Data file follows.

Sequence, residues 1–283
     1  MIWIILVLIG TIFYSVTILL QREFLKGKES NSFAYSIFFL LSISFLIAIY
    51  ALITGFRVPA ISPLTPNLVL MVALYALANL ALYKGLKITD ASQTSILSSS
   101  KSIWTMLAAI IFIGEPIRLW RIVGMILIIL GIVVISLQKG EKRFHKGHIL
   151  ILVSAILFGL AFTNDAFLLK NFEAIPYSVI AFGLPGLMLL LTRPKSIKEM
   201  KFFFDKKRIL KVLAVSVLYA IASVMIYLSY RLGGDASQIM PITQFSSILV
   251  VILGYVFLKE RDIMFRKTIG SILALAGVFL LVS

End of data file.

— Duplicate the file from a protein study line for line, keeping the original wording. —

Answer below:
Sequence, residues 1–283
     1  MIWIILVLIG TIFYSVTILL QREFLKGKES NSFAYSIFFL LSISFLIAIY
    51  ALITGFRVPA ISPLTPNLVL MVALYALANL ALYKGLKITD ASQTSILSSS
   101  KSIWTMLAAI IFIGEPIRLW RIVGMILIIL GIVVISLQKG EKRFHKGHIL
   151  ILVSAILFGL AFTNDAFLLK NFEAIPYSVI AFGLPGLMLL LTRPKSIKEM
   201  KFFFDKKRIL KVLAVSVLYA IASVMIYLSY RLGGDASQIM PITQFSSILV
   251  VILGYVFLKE RDIMFRKTIG SILALAGVFL LVS